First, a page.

Wells v. Alropa Corporation, 82 F.2d 887 (D.C. Cir. 1936)

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US Court of Appeals for the District of Columbia Circuit - 82 F.2d 887 (D.C. Cir. 1936)
March 9, 1936

82 F.2d 887 (1936)

WELLS
v.
ALROPA CORPORATION.

No. 6507.

United States Court of Appeals for the District of Columbia.

Decided March 9, 1936.

F. Regis Noel, of Washington, D. C., for appellant.

Alvin L. Newmyer and Joseph A. Kaufmann, both of Washington, D. C., for appellee.

Before MARTIN, Chief Justice, and ROBB, VAN ORSDEL, GRONER, and STEPHENS, Associate Justices.

VAN ORSDEL, Associate Justice.

Appellant, defendant below, appeals from a judgment obtained in the Supreme Court of the District of Columbia on a promissory note, reading as follows:

Face of note:

"Miami, Fla., November 27, 1925.

"No. 1, $1,111.11.

"On or before one year after date, for value received, I promise to pay to the order of W. C. Jackson One Thousand One Hundred and Eleven and 11/100 Dollars at MIAMI BANK AND TRUST COMPANY, of Miami, Florida, with interest thereon at the rate of 8 per cent, per annum from date until fully paid. Interest payable semi-annually. The maker and endorser of this note further agree to waive demand, notice of non-payment, and in case suit shall be brought for the collection hereof, or the same has to be collected upon demand of an attorney, to pay reasonable attorney's fees for making such collection. Deferred interest payments to bear interest from maturity at 8 per cent per annum, payable semi-annually.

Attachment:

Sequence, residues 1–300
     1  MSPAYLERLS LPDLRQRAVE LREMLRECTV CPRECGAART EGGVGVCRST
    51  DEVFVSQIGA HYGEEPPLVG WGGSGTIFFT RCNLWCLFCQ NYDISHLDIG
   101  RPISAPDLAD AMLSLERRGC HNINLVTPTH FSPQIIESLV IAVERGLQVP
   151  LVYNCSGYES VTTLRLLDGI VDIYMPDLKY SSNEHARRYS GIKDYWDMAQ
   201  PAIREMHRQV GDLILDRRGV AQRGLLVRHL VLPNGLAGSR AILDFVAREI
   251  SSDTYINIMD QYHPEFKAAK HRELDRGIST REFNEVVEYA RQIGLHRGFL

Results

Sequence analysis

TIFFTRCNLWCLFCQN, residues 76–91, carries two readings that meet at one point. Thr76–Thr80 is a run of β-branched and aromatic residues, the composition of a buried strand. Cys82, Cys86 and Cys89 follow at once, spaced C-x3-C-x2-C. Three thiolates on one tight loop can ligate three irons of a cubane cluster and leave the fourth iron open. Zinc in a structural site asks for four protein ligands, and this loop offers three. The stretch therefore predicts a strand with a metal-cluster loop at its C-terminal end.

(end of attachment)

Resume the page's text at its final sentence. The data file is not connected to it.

"[Signed] Walter A. Wells [Seal] "The Rochambeau [Seal] "Due ____ 1926. Wash., D. C. Back of note: "Without recourse. "[Signed] W. C. Jackson."

*888 The note is a printed form with the blanks typewritten. It was signed by the maker on a printed line which had the word "[Seal]" printed to the right, directly in line with the maker's signature.